Empowerment can also be seen in the pastoral epistles. The beginning of 2 Timothy is a good example of this. A verse often quoted is 2 Timothy 1:7, “For God has not given us a spirit of timidity, but of power and love and discipline.” Paul is reminding Timothy of the source of his power to overcome fear and carry out his calling. The Spirit helps him love others, pointing them to Christ’s love (service). Discipline shares the same root word as “disciple.” Timothy can effectively influence others as he is living a disciplined life, reflecting his own relationship with the Lord. This may entail suffering: “…join with me in suffering for the gospel according to the power of God” (1:8). Paul encourages Timothy to “guard, through the Holy Spirit who dwells in us, the treasure which has been entrusted to you” (1:14). That treasure is sound doctrine by which he is called to instruct others (1:13, 2:2). Paul also reminds Titus that the basis on which the Church is to “engage in good deeds” is the new life in Christ—“washing of regeneration and renewing by the Holy Spirit” (Titus 3:5-8).
Ultimately, to empower disciples of Jesus Christ we need to point them to the source of power—the Lord himself, through the indwelling and sanctification of the Holy Spirit. If the source of our power is our own wisdom, man-made structures or systems, or human-derived effort, will will burn out. We will also see that our witness, and thereby our discipleship, will be hindered. Submit to the Holy Spirit’s work, and we will see some awesome things!
Spiritual gifts are the primary means by which disciples of Jesus Christ are equipped. Every Christian needs to understand that through the empowerment of the Holy Spirit they have something to contribute to the Body of Christ. “He gave some as apostles, and some as prophets, and some as evangelists, and some as pastors and teachers for the equipping of the saints for the work of service, to the building up of the body of Christ” (Ephesians 4:11-12, emphasis mine). While all gifts are indeed from God, he often uses his people to carry out the equipping through various means.
Through Paul’s relationship and service, Timothy now has something to share: “For this reason I remind you to kindle afresh the gift of God which is in you through the laying on of my hands” (2 Timothy 1:6). Timothy’s gifting was then to be entrusted to others who would disciple still others. “The things which you have heard from me in the presence of many witnesses, entrust these to faithful men who will be able to teach others” (2 Tim. 2:2). Similarly, Titus was to pass along what he learned from Paul: “For this reason I left you in Crete, that you would set in order what remains and appoint elders in every city as I directed you…but as for you, speak the things which are fitting for sound doctrine” (Titus 1:5; 2:1).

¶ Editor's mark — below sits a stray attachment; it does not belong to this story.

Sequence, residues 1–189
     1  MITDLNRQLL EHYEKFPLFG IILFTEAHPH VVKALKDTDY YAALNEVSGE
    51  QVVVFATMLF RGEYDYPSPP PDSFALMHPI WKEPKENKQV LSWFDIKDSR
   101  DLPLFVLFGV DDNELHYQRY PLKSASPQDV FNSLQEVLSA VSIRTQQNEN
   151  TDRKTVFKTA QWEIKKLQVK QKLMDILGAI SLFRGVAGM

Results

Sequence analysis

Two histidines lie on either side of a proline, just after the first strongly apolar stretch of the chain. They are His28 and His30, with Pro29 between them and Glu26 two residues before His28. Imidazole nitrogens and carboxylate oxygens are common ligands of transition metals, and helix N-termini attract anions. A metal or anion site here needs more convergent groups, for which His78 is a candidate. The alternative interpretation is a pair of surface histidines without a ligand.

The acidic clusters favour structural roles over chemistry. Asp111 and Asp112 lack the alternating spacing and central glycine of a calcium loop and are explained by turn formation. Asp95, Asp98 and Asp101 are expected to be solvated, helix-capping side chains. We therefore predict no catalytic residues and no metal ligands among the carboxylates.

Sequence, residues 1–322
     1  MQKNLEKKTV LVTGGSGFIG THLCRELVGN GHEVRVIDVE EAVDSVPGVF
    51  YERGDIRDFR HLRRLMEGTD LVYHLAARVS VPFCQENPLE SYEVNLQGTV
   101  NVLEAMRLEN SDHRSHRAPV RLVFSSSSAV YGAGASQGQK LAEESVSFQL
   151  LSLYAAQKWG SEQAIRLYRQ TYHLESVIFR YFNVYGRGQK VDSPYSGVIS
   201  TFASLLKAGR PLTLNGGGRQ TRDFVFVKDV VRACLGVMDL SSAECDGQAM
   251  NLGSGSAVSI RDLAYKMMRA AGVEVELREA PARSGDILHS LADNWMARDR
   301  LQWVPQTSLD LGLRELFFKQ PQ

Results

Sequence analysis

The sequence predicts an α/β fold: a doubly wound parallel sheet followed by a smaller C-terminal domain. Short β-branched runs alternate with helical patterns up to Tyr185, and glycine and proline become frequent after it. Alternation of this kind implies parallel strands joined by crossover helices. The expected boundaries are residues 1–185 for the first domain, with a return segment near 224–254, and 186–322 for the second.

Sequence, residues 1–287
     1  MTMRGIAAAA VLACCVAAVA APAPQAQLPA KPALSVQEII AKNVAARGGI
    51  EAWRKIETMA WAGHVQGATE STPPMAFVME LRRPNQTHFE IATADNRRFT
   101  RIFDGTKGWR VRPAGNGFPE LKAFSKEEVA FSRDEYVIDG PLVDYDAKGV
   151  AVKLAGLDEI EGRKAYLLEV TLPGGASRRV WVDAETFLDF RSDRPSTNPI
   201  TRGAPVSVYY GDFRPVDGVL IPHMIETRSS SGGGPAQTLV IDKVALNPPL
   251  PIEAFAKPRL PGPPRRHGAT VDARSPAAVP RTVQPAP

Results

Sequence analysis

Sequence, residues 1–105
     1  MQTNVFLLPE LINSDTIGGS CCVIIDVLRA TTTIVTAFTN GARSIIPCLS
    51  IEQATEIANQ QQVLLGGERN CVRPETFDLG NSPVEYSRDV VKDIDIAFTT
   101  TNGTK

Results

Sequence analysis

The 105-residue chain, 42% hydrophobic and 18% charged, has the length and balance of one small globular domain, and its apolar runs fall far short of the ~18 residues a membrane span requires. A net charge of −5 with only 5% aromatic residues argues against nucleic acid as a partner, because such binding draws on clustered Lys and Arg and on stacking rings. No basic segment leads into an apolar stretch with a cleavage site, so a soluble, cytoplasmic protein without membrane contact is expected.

Teaching doctrine, practical instruction for tasks, fervent prayer and sincere fellowship are all important for the work of ministry—the normal Christian life, not limited to those in vocational ministry.
The very fact that Paul took time to write to those whom he had entrusted to the Lord speaks to the power and importance of encouragement. We are not meant to be isolated in the Body of Christ; rather, we are meant to be dependent on one another as point one another to Jesus. Galatians 6:2 says, “Bear one another’s burdens and thereby fulfill the law of Christ.” We each have a burden—or many. Christ took our biggest burden—our sins which would have led to eternal condemnation. In doing so, He brought us eternal life which is to be lived now by faith and by the power of the Holy Spirit. This is what Paul calls “the law of Christ.” Just before this verse in Galatians, Paul was instructing the Church to no longer live “fleshly” lives but to walk by the Spirit (Gal. 5:16). Thus, we should be looking for ways to not only encourage each other with our words but also to meet each others’ basic needs in such a way that all would be empowered, equipped and encouraged to truly walk by the Spirit. This is a submission to Christ’s love, and it takes us all seeking to serve. This will start with those to which God has entrusted stewardship and influence. As retired Air Force general Loren Reno says, “Seeking to serve takes serving to a new level that will prosper a leader’s organization.” In the Church, this looks like every member prospering in their daily walk with the Lord Jesus Christ, overflowing in the exercise of spiritual gifts, to the glory of God (1 Corinthians 12:1-7).
Applications for the Church
My hope is that the reader understands the spiritual implications of everything we do, whether or not you serve in vocational ministry. We are all in full-time ministry as born-again believers—Spirit-filled, Christ-following, children of God our Father. The Holy Spirit has empowered us to equip and encourage one another, and discipleship happens in the context of everyday life. We are all disciples of Jesus Christ, and we are called to seek to learn, to seek to serve, and to seek the lost. Who will set an example for the Church and for the world of the power of God’s love to bring eternal life? We are in this together, and the Lord is still working mightily alongside his disciples!
This is the blog of Tyler Shepard, the Senior Pastor for Shoaff Park Baptist Church in Fort Wayne, IN.
I hope you are encouraged and challenged to walk more closely with Jesus Christ!